BDD presents as a preoccupation with an imagined defect in appearance; or if a slight anomaly is present, the individual's concern is excessive (American Psychiatric Association, 1994). BDD is also referred to as dysmorphophobia and 'dermatological non-disease' (Cotterill, 1981) in the dermatological literature. In one study 8.8% of patients with mild acne had BDD (Uzun et al., 2003). The complaints in BDD commonly involve imagined or slight flaws of the face or head such as thinning hair, acne, wrinkles, scars, vascular markings, paleness or redness of the complexion, swelling, facial disproportion or asymmetry, or excessive facial hair. The most common areas of concern involve the skin and hair. Some associated features of BDD include repetitive behaviours such as excessive grooming behaviour. This may manifest as excessive hair combing, hair removal, hair picking or picking of the skin, or ritualised make-up application. The main purpose of the repetitive behaviour is to improve or hide the perceived defect in the appearance. Many individuals may camouflage their perceived defect or deformity with make-up or clothing or hair. Most individuals with BDD experience marked distress over their supposed deformity and feelings of self-consciousness over their 'defect', which often leads to vocational and social impairment. In some instances BDD can be life threatening as patients may resort to extreme behaviours to deal with a perceived defect in their appearance, for example they may use razor blades or knives to remove these 'defects'. In some patients the preoccupation with a minimal or imagined 'defect' in appearance can reach delusional proportions.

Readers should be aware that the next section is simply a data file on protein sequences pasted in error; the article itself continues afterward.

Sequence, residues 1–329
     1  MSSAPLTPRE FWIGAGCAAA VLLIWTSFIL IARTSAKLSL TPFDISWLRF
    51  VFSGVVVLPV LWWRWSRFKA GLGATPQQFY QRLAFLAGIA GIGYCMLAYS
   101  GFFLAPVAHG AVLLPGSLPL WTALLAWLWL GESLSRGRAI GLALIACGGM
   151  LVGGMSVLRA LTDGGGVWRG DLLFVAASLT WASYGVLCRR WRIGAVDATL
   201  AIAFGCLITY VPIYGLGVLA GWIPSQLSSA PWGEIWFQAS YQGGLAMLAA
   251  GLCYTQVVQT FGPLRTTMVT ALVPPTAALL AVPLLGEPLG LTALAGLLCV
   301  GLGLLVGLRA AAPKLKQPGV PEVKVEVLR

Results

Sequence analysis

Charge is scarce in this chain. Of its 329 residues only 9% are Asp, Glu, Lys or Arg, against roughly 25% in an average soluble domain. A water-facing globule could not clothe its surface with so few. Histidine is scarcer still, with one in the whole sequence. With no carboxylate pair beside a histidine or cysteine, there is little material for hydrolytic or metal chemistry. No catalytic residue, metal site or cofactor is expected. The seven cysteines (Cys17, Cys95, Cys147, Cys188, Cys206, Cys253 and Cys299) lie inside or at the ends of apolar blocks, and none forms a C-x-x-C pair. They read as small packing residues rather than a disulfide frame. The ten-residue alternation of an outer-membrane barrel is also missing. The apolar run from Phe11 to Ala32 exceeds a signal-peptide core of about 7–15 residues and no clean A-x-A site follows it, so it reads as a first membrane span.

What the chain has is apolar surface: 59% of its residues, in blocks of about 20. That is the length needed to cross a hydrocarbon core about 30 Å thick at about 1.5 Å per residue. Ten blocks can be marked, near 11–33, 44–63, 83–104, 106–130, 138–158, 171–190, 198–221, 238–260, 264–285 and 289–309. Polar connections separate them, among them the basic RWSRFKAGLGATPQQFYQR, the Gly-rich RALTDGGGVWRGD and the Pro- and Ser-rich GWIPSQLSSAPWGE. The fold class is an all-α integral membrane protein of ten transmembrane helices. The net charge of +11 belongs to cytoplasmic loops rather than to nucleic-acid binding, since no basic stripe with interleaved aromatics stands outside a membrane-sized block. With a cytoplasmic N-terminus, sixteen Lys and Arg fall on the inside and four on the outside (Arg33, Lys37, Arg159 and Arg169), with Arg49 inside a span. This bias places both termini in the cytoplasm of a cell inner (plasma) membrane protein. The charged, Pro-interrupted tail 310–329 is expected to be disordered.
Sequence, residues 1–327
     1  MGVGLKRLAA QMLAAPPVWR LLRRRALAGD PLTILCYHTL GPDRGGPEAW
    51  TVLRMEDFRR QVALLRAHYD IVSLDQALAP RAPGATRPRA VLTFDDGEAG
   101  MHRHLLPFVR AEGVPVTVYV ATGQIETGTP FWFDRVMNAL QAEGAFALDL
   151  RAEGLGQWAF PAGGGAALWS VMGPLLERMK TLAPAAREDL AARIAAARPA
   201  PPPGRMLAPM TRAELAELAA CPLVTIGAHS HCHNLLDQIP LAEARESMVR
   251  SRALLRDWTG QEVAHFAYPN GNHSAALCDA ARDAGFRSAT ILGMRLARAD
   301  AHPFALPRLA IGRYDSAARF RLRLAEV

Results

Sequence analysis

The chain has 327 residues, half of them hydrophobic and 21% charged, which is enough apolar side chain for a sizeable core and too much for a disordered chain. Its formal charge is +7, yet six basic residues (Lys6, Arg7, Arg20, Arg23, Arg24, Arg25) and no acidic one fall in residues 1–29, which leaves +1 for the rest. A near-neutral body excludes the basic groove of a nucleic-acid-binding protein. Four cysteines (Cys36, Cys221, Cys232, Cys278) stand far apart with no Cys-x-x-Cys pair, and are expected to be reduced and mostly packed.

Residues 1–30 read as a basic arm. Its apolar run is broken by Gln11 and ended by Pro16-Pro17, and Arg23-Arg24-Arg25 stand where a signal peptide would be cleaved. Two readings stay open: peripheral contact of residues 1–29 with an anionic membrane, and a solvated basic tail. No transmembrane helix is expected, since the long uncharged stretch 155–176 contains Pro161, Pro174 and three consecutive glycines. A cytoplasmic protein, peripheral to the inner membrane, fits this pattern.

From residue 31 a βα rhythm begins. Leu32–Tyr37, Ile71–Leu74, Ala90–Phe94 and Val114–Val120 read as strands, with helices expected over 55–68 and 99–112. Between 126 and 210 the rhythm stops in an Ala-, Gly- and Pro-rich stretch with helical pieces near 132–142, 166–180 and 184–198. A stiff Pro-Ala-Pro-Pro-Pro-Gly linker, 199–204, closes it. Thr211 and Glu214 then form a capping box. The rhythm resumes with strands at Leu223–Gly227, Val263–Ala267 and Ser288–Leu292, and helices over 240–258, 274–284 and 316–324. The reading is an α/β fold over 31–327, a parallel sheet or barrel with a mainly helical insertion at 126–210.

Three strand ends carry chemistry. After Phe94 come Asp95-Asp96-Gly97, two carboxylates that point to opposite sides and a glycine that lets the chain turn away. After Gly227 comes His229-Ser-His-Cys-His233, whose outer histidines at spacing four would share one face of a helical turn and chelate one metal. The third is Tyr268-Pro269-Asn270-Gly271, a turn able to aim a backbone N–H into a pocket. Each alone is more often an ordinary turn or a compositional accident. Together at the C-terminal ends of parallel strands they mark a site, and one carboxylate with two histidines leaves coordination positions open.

Patients with eating disorders such as anorexia nervosa and bulimia nervosa often present with excessive concerns about their cutaneous body image in addition to concerns about their weight and shape (Gupta & Gupta, 2001a). The eating disorders can be associated with a wide range of dermatological (Gupta et al., 1987; Gupta & Gupta, 2000) complications related to starvation, bingeing and purging, abuse of laxatives and other related symptoms (American Psychiatric Association, 1994). Acne has a peak incidence during mid-adolescence, a life stage that is associated with a high incidence of eating disorders. In some vulnerable adolescents even mild acne may exacerbate or precipitate an eating disorder such as bulimia nervosa (Gupta et al., 1987; Gupta & Gupta, 2000). The endocrine changes associated with binge eating may cause a flare-up of acne (Gupta et al., 1992), which is frequently observed in patients with eating disorders (Gupta & Gupta, 2000). In these patients the disfigurement caused by the self-excoriation of acne lesions can serve as a 'protective device' or excuse for avoiding some of the social and vocational tasks of adolescence and young adulthood (Cotterill, 1981). Patients with acne excoriee des jeunes filles present with psychological dynamics that are very similar to the dynamics encountered in eating disorders such as difficulties in coping with the developmental tasks of young adulthood. The body image pathologies in conjunction with immature coping mechanisms often result in relatively intractable symptoms in the patients who use their skin lesions as a 'protective device' and a coping mechanism.
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